- Karabo Maboi* tells W24 that her partner, now ex, told her family that his family would be coming for lobola negotiations but he never showed up on the day.
- Initially she thought it would be a new beginning for their challenging relationship after multiple break-ups and make-ups.
- But it ended with her giving his family R2 000 so that they could at least show up at her house for lobola negotiations.
Nothing could have prepared Karabo Moloi* for the chaos on the day she was supposed to be traditionally called a 'wife'.
The lobola negotiations were a disaster, and went from her partner saying he didn't have money to pay lobola days before going AWOL to her getting a quick loan, and giving his family money to show up at her home where her family gathered, ready ululate in celebration.
It was a day that brought Karabo unimaginable pain. Retelling the story to W24, she says her partner told her family that his family would be coming for lobola negotiations. Her family was thrilled.
The two had been dating for nine years. They broke up after their first child was born until he called to tell her something "important".
"He said he had a family meeting and had told his family that he loves me, not the girlfriend he had at the time and wants to marry me," Karabo tells us.
"I didn't believe him and was still angry, so I said he must only do right by his child. The next day when I came home from work, my mother told me his mother had called. She told my family that they were coming to pay lobola for me. That's when I took it seriously."
He was ready to settle, she thought.
Before lobola day, Karabo asked him about the money for the lobola and he said he had saved it. The date was set and preparations in motion.
"Days before the lobola negotiations, he called me and said money from his bank was delayed, and he asked me to lend him money. I told him I was broke. Besides, I'd never give him money for lobola," Karabo says.
Days leading to the big day, Karabo was relieved to learn from him that "the money issue was sorted".
However, on the day of the negotiations he was not picking up her calls.
"His mother called me very early that morning to say they didn't have money for the lobola. I told them I also didn't have money.
"His family did not have money too so I rushed to his family home and tried to get an advance on a short term loan. I could only get R2 000," Karabo says. She then gave them the loaned money so they could just show up and not leave her family hanging.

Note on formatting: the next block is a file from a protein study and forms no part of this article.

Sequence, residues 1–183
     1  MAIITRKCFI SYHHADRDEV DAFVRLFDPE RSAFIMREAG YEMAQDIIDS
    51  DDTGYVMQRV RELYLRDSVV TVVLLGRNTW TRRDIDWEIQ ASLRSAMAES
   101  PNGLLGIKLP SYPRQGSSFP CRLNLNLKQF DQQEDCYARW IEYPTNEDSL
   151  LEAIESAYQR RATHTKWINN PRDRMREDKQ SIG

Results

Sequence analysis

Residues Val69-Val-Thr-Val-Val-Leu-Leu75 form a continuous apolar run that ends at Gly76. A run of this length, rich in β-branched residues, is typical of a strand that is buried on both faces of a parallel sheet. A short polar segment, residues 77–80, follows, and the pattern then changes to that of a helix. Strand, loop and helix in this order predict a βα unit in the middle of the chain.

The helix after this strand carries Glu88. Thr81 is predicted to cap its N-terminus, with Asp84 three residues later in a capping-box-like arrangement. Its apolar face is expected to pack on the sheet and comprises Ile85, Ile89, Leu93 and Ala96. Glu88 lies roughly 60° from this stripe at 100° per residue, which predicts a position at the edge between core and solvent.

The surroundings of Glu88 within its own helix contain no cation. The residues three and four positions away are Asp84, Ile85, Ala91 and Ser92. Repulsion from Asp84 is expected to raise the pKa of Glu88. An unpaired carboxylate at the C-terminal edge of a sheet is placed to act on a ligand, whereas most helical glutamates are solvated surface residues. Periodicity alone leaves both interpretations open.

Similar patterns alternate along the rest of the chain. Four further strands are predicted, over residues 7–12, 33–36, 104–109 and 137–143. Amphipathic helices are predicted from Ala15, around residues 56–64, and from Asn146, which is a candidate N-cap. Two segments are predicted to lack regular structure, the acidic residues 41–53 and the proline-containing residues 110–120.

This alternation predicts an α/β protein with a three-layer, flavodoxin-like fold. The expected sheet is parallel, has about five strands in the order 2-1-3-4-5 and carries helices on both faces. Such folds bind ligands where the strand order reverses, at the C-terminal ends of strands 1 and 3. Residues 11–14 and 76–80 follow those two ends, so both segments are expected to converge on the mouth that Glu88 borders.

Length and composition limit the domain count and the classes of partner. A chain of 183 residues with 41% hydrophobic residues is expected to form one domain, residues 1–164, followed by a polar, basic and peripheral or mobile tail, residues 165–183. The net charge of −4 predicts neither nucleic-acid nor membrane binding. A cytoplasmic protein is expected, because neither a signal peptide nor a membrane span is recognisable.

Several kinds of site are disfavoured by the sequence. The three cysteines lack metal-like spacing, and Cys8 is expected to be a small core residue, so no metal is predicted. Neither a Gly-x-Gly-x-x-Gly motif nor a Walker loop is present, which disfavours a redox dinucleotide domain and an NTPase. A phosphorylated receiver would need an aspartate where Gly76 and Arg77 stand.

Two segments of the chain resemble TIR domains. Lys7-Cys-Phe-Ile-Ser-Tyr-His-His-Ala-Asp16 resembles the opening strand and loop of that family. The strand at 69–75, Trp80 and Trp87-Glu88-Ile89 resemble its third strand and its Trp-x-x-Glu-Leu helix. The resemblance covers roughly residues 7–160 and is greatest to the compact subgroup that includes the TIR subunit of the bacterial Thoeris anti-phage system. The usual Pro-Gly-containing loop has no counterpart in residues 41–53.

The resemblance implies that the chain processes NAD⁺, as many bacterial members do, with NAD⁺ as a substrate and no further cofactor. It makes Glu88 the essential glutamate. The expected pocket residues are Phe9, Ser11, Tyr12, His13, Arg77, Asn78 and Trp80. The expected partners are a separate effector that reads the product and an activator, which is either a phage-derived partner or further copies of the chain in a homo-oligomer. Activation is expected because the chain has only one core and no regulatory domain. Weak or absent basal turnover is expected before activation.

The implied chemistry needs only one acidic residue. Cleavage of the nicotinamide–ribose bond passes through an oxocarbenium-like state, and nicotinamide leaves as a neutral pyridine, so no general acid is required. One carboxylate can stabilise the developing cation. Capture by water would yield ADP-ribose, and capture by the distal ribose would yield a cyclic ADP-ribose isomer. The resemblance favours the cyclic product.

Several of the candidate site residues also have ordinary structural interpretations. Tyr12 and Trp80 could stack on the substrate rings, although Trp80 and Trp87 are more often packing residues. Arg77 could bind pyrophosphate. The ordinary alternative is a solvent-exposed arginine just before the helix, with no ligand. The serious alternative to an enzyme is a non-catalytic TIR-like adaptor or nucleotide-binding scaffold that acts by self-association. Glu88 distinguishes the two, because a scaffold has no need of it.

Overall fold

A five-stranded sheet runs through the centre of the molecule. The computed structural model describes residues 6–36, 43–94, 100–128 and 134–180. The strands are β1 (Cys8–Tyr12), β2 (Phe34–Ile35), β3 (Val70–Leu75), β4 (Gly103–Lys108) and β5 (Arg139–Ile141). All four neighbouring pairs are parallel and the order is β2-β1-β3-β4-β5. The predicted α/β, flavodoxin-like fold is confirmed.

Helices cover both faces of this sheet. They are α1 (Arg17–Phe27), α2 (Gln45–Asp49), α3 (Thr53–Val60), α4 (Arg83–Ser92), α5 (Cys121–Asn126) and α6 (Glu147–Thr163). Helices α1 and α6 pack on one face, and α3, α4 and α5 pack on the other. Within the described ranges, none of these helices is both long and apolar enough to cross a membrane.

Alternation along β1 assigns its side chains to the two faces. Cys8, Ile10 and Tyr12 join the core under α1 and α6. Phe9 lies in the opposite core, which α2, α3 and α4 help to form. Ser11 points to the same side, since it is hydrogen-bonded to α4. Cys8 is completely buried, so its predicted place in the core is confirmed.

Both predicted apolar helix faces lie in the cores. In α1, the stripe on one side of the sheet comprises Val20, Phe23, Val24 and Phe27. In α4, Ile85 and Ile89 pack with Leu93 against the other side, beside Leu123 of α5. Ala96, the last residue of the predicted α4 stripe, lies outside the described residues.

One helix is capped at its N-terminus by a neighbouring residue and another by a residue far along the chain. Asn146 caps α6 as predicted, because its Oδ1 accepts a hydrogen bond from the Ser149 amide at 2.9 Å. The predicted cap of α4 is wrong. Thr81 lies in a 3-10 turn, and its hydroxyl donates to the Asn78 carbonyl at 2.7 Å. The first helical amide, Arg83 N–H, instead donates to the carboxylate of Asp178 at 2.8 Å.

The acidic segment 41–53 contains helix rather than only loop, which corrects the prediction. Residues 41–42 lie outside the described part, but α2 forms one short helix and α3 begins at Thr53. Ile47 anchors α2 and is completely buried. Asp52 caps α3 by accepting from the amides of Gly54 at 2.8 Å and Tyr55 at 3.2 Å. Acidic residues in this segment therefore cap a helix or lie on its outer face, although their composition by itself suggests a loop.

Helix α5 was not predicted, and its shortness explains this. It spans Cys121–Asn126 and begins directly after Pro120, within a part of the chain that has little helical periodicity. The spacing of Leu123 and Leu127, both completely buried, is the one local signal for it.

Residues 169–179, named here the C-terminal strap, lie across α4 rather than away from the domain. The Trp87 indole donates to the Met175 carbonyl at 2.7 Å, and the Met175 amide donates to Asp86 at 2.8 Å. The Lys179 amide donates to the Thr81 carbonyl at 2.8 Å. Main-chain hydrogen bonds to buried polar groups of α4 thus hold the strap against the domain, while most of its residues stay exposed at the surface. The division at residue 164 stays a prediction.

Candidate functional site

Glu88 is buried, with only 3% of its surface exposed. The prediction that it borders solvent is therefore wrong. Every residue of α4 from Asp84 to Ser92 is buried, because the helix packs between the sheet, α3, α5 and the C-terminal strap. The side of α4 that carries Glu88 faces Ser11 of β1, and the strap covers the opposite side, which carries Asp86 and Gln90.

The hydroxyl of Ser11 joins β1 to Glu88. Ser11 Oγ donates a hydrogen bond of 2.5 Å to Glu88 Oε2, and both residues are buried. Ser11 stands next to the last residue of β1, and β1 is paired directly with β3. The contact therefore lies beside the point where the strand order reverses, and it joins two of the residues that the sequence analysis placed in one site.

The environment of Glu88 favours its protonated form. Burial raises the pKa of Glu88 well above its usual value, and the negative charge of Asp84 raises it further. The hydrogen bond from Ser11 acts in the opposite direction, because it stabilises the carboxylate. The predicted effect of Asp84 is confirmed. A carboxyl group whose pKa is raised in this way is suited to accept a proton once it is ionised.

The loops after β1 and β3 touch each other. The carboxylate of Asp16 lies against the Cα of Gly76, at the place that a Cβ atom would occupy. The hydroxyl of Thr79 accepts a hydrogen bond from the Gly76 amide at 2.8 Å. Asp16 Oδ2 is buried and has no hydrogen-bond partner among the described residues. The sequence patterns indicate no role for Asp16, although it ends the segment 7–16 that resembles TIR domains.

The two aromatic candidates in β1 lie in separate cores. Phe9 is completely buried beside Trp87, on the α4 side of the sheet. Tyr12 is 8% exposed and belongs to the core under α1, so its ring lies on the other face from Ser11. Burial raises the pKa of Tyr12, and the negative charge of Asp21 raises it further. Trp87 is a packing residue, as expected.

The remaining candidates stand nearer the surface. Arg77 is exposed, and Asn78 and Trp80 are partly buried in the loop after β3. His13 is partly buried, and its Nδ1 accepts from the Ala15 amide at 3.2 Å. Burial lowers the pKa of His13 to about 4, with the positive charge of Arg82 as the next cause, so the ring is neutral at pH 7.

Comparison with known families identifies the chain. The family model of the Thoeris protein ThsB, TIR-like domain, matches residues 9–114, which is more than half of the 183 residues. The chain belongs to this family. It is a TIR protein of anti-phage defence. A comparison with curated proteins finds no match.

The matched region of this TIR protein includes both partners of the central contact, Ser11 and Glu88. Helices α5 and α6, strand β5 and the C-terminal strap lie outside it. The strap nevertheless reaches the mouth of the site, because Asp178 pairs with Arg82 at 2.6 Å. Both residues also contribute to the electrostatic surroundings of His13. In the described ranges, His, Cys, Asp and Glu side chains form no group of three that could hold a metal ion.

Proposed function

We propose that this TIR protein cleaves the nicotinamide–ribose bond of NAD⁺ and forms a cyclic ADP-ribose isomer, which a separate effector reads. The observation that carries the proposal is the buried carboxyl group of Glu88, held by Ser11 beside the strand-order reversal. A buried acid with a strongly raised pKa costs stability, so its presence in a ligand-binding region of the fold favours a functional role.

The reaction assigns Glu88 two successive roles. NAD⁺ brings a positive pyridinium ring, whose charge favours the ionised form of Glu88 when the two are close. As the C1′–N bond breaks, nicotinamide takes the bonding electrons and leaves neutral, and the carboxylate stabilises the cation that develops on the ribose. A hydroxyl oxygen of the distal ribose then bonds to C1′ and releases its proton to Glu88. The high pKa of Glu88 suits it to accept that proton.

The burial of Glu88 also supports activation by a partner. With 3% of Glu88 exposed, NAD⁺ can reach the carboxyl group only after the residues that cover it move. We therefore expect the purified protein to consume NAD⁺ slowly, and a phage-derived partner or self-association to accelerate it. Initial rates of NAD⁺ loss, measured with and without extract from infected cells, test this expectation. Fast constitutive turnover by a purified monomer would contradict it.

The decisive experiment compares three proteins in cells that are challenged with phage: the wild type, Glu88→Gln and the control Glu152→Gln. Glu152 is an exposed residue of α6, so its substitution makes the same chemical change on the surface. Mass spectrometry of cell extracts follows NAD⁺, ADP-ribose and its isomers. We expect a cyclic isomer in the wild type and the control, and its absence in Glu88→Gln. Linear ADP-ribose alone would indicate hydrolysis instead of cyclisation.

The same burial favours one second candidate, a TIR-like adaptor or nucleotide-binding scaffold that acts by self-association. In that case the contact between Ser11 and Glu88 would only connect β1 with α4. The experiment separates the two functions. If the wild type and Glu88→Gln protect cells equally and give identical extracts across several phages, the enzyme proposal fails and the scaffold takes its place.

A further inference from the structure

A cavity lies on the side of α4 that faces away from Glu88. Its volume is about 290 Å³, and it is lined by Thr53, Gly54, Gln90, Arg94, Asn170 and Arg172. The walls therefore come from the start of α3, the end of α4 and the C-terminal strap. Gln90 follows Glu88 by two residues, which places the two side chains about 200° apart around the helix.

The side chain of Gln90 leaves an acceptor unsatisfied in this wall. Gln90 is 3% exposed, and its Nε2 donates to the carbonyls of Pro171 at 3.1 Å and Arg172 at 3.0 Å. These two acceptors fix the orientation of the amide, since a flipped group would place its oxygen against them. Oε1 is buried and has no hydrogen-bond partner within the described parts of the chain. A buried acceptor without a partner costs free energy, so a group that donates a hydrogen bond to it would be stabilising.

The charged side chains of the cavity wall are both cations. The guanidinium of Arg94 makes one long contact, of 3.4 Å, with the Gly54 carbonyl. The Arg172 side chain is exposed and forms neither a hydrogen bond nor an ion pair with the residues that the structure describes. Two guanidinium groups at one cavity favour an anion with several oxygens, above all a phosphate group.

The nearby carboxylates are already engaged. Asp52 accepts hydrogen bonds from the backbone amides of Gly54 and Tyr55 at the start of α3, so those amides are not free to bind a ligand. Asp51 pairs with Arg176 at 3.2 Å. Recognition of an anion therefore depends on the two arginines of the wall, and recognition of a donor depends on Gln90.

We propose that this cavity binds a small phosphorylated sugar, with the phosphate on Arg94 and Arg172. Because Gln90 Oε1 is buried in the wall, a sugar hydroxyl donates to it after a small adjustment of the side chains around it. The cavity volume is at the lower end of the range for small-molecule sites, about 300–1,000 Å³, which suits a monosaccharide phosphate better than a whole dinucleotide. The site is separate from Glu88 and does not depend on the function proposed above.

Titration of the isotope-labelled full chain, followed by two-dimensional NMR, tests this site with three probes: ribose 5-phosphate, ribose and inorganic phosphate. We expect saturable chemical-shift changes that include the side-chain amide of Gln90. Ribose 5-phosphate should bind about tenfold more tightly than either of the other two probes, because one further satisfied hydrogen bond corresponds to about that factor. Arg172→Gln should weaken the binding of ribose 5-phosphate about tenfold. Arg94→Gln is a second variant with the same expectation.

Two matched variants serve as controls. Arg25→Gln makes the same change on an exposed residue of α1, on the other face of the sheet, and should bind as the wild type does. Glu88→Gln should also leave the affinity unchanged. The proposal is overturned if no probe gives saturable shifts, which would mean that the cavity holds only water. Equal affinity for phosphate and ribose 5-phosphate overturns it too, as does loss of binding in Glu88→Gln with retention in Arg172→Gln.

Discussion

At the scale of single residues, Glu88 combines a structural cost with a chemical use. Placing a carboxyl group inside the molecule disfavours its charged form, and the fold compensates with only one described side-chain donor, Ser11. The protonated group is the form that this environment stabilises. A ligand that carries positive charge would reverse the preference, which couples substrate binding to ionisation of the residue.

After hours of panic, his family arrived at her home with the cash advance loan she had given them.
The 'groom-to-be' was nowhere to be found.
"I was just glad they at least showed up. When they got to my house, they made up a story and told my family that they had challenges, so they would pay R 2 000 to show their intention to marry and said they would be back soon to pay lobola.
"My family was glad to see them, yet it was a lie and a cover-up," Karabo explains.
She says this is the kind of embarrassment you don't get over. Her partner did not answer his phone for days, and his mother was the one who reimbursed her the R2 000 and eventually organised lobola money for him.
"Later his mom took her bonus and communicated with his father's family to go pay the lobola as they had promised. I accepted it because I wanted to take off the shame from my father. This time his mother took it upon herself to amend the situation," Karabo says.
"As you would imagine the hatred I had for him, the shock of the betrayal, therefore the marriage didn't last. I called it quits after few years. People think it's due to normal relationships challenges. But the foundation was rocky build on betrayal and lies. Yes we faced even bigger challenges in the union like multiple children outside from cheating, more deceit and lies, and more lie."
It has been three years since they officially called it quits. But for Karabo it still hurts. "I am praying for healing," she says.
* Not her real name